Search Play Jazz Guitar.com

 

 




Music Classes Buckeye AZ

See below to find music schools and music instructors in Buckeye that give access to music classes, along with music ensembles, early childhood music, music summer programs, percussion classes, guitar classes, piano classes, and guitar classes, as well as advice and content on learning music.

Nanette G.
(877) 231-8505
W Williams St
Tolleson, AZ
Subjects
Opera Voice, Piano, Singing
Ages Taught
1 to 99
Specialties
voice, opera voice, piano In piano I am partial to the John Thompson method. I also spend a portion of each lesson on scales and music theory. In voice, I specialize in bel canto. The most beautiful sounds come when you are not straining the voice. I work on getting it out of the throat and into the mask.
Education
Bullard high - college prep - sept 87-june 91 Brigham Young University - French and Spanish - Aug 91-April 98 WCC - music theory and performance - Sept 04-May 06
Membership Organizations
TakeLessons Music Teacher

Data Provided By:
Sylvan Learning Center
(623) 374-1153
13770 Van Buren
Goodyear, AZ
 
Comfort Piano Studio
(623) 214-7950
14207 W. Evans Dr.
Surprise, AZ
 
Patricia Fisher
5314 N 81 Place
Scottsdale, AZ
Promotion
$40 / hr
Hours
Classical
Memberships and Certifications
Cello
Services
30 years

Joshua Brown
4641 N 1st Ave #5
Tucson, AZ
Instruments
Drums, Guitar, Piano, Violin, Voice
Styles
Blues, Classical, Folk - Country - Bluegrass, Jazz, Kids, Rock - Alternative, World
Experience Levels
Advanced, Beginner, Intermediate
Rate
$47.50
Years of Experience
15 Years

Data Provided By:
Angels of Light Beauty Pageant
(877) 263-3515
2605 S 111th Dr
Avondale, AZ
 
Embry-Riddle Aeronautical University
(623) 935-4000
7017 N. Litchfield Road
Glendale, AZ
 
Phoenix Conservatory of Music
(602) 997-9915
Litchfield Park AZ
Litchfield Park, AZ

Data Provided By:
janice g.
(877) 231-8505
N. Wilbur
Mesa, AZ
Subjects
Piano
Ages Taught
5 to 15
Specialties
I can teach students to read music and play classical or I can teach them to play individual songs by chord progressions, I can also teach songwriting and theory.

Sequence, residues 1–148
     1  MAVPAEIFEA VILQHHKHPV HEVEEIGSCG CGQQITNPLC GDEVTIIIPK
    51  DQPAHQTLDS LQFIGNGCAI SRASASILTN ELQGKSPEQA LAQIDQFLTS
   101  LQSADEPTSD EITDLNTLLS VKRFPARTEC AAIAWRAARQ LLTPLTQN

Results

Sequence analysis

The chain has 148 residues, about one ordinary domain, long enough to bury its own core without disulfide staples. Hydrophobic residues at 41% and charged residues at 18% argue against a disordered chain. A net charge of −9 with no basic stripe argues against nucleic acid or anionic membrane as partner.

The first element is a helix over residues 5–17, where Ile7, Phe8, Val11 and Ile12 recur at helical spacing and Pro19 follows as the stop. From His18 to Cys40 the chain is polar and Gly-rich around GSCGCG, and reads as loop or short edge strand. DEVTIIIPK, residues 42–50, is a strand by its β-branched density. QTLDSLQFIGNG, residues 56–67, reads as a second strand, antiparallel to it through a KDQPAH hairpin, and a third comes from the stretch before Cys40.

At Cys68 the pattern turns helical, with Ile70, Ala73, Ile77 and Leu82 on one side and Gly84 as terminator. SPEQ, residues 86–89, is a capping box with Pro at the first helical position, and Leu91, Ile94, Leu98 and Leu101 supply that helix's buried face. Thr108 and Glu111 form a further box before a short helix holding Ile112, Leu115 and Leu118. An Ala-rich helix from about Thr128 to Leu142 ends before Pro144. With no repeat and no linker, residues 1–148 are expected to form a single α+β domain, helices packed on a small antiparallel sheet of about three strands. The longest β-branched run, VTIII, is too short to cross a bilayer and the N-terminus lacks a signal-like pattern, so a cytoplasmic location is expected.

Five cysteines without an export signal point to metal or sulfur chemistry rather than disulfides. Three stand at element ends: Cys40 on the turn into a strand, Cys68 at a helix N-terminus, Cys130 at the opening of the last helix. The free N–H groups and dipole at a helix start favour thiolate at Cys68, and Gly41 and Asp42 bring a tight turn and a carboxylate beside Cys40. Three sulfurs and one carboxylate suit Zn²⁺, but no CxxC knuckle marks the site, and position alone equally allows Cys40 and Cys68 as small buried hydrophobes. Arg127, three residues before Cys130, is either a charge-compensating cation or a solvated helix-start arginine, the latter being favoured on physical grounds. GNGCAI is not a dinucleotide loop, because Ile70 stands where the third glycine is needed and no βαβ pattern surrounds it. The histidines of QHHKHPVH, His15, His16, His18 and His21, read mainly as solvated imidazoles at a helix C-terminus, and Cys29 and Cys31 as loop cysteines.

Education
University of Phoenix - Organizational Management - 1998-2001 (Master's degree received) Arizona State University - Psychology - 1990 (Bachelor's degree received) City College San Francisco - General/Music minor - 1985-1988 (Associate degree received)
Membership Organizations
TakeLessons Music Teacher

Data Provided By:
Caia Decker
9 W. University Drive #42
Flagstaff, AZ
Promotion
$20 / hr
Hours
"Classical
Memberships and Certifications
Kids"
Services
Piano
Service Types and Repair
2 years

Data Provided By:

Take A Breath, Listen To The Spaces

Take A Breath, Listen To The Spaces
By Chris Standring ( www.chrisstandring.com )

I was at the NAMM show recently, a massive trade show for musical products. If you've ever been into Guitar Center and witnessed that infernal noise made by guitarists and bass players 'trying out' instruments, then the NAMM show is that x 50,000. It can be hell, yet a necessary evil if you are in the business.

I spent some time walking around and of course made my way to many of the guitar and amp booths, after all it's always good to keep up with anything new and groundbreaking. I came across a few professional guitar players who had been hired to demonstrate guitars, and as good as these players were technically, there was always one aspect of their playing that stood out to me. I find this is the case with any guitar player that is not communicating. They play too much. Tons and tons of notes, in rapid succession, all brilliantly executed. But what is really being said? How can you enjoy music when you feel like you are having your teeth drilled?

Guitar players are notorious for doing this, simply because they can. If they were horn players things would be very different. You simply have to take a breath. Guitar players technically don't have to do this, so they don't, and as a result their music is compromised.

The first time I was aware of this was several years ago when I started using a digital vocoder. In order for the notes to be heard on my guitar, I would have to mouth something into the microphone to trigger them. Then of course you get to shape the sound with syllables and so on. I was in a rehearsal and my sax player said to me, "Chris you play different when you use that thing, because you have to take a breath". Perhaps that was a kind way of saying I sucked, but the talkbox thing was cool. It certainly struck a chord anyway. So from then on, and it took a while to really sink in, but I tried to really focus on phrasing. And not just as a guitar player, but compositionally, if my music doesn't breathe, I'm just not interested.

As jazz guitarists, there is a terrible tendency for us to play a lot of notes, firstly because the genre historically has given us permission to do so, and second, archtop jazz guitars don't generally lend themselves to sustaining notes, so in order to 'get over', guitarists fall into the trap of overplaying.

There are of course compromising situations which affect the way we play and it is important to be aware of these at the time. First, if you are taking a solo and the band behind you is not being particularly supportive, i.e.; playing busily and not listening to you, then this very often makes a player play more notes because they are fighting to speak, as it were. But if the band is just grooving, you as a soloist can play just a few notes and the spaces are music in themselves!

Another compromising situation might be a borrowed or rented amp that ju...

Click here to read the rest of this article from Play Jazz Guitar